1. Northern Ireland Campaign | BPAS. Accessed December 4, 2021. https://www.bpas.org/get-involved/northern-ireland-campaign/
  2. Reynolds-Wright JJ, Johnstone A, McCabe K, Evans E, Cameron S. Telemedicine medical abortion at home under 12 weeks’ gestation: a prospective observational cohort study during the COVID-19 pandemic. BMJ Sex Amp Reprod Health. 2021;47(4):246. doi:10.1136/bmjsrh-2020-200976
  3. The Pregnancy-Related Mortality Impact of a Total Abortion Ban in the United States: A Research Note on Increased Deaths Due to Remaining Pregnant | Demography | Duke University Press. Accessed December 23, 2021. https://read.dukeupress.edu/demography/article/58/6/2019/265968/The-Pregnancy-Related-Mortality-Impact-of-a-Total
  4. Contraceptive Choice Center | Washington University School of Medicine in St. Louis. Accessed November 24, 2020. https://contraceptivechoice.wustl.edu/
  5. Leading Safe Choices. Royal College of Obstetricians & Gynaecologists. Accessed December 28, 2021. https://www.rcog.org.uk/en/global-network/centre-womens-global-health/our-work/leading-safe-choices/
  6. Inicio | Iniciativas Sanitarias. Accessed December 28, 2021. https://www.iniciativas.org.uy/?fbclid=IwAR1bRny4_0oE8S4cY8yT_j93xefVmrmumhD7iCdcbjnyGfvfT3ixgnZxkqk

Blogs by Isioma Dianne Okolo, MBChB, DTMH, MRCOG

The menopause is a natural part of the female life cycle. But why do women become invisible after the menopause? Dr Jen Gunter answers my question 'Ain't I A Woman?"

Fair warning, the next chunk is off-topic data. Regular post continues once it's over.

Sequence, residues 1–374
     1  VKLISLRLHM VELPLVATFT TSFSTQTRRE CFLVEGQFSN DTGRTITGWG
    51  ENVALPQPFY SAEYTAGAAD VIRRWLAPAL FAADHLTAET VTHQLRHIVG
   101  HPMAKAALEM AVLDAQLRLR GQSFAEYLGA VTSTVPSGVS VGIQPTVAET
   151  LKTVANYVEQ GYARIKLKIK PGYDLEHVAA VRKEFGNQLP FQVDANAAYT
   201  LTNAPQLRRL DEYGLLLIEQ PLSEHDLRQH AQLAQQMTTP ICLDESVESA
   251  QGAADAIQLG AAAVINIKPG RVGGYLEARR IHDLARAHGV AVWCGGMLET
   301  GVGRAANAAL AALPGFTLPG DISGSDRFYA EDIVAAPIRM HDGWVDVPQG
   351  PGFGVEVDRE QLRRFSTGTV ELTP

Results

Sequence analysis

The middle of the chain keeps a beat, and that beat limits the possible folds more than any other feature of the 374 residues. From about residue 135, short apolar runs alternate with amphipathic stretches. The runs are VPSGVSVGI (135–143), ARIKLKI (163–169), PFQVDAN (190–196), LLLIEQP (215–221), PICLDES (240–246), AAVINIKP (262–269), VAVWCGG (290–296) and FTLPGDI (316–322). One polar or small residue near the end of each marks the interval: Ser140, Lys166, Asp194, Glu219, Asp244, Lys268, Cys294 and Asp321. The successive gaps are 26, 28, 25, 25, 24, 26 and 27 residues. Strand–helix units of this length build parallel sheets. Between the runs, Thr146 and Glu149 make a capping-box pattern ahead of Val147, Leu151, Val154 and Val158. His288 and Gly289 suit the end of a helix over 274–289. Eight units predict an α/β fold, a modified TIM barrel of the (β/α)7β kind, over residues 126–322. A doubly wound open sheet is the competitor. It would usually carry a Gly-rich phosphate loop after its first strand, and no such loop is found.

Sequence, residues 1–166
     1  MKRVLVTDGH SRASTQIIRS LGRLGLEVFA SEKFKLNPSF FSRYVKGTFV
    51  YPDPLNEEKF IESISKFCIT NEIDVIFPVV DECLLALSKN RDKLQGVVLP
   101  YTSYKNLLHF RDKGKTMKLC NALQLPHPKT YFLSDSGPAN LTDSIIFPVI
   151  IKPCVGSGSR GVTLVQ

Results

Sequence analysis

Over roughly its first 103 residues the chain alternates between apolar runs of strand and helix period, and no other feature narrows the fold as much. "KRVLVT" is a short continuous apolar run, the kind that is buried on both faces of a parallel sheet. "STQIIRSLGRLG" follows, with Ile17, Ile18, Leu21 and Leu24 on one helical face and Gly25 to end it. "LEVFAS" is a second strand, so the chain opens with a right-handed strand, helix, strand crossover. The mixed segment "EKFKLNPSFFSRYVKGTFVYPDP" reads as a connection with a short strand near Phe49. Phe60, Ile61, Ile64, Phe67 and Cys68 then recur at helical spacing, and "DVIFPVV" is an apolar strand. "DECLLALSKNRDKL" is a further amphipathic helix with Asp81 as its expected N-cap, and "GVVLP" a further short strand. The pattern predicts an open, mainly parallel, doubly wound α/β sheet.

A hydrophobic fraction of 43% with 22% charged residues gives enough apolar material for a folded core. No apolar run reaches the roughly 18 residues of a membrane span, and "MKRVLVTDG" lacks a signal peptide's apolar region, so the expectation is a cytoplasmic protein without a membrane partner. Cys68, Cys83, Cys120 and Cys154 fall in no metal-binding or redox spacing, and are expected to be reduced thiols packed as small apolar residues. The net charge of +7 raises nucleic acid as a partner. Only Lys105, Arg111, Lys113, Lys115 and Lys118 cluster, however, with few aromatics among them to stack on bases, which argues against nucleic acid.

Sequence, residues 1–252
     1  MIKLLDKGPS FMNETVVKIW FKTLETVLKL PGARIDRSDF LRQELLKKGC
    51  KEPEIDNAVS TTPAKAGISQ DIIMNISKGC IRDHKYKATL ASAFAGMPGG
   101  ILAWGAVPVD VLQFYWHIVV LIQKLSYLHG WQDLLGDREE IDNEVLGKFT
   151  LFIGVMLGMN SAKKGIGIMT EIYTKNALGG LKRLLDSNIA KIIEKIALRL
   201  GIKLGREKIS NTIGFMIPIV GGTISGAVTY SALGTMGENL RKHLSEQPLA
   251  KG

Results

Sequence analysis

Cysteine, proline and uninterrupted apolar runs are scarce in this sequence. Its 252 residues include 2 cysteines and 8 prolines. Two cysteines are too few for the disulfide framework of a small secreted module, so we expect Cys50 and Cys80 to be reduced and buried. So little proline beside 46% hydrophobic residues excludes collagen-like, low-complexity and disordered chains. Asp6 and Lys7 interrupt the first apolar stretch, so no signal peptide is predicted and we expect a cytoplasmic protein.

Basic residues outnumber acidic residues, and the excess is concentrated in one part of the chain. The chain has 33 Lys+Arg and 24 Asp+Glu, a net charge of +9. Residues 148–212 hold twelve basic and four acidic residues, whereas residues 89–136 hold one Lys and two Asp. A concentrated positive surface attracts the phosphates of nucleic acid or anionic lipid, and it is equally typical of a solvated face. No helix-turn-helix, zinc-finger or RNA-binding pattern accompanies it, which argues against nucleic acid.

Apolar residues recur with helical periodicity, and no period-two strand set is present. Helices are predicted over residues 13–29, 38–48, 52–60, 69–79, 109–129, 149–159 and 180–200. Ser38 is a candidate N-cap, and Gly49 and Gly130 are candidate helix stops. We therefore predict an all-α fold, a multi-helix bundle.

Isioma blog 7

The menopause is a natural part of the female life cycle. But why do women become invisible after the menopause? Dr Naghat ARif answers my question " Ain't I A Woman?"

Equal Pay Street

In this game of gonads, who decided that a testicle is worth more than an ovary?

Isioma blog 6

To deputise a complete stranger to interfere with a woman’s health choice is constitutionally, medically, morally and ethically wrong. That's the end of my sentence.

Cervical cancer can be prevented. When detected early it can be treated and cured with surgery. As we mark the one year anniversary of the "Cervical Cancer Elimination Day of Action", I reflect on the role of surgical systems in eliminating cervical cancer.

Adolescence is a period of flux made easier by access to safe information that makes sense. Learn how to get it right from mental health advocate and founder of the NGO MANI( Mentally Aware Nigeria Initiative).

Adolescents make up 16% of the population and straddle the sometimes uncomfortable gap between childhood and adulthood. Seeking out information on the internet makes sense but at what cost?

Isioma blog 5

Periods don't have to cost us education, equity and the environment

The Birth Lottery​ by Isioma Dianne Okolo

We had no say in the decision of when, how, where and to whom we were born. Yet this was one of the most important decisions in our lives, which continues to impact us today.

Like what you read?

More from Isioma Dianne Okolo here.

Stay Connected with Isioma Dianne Okolo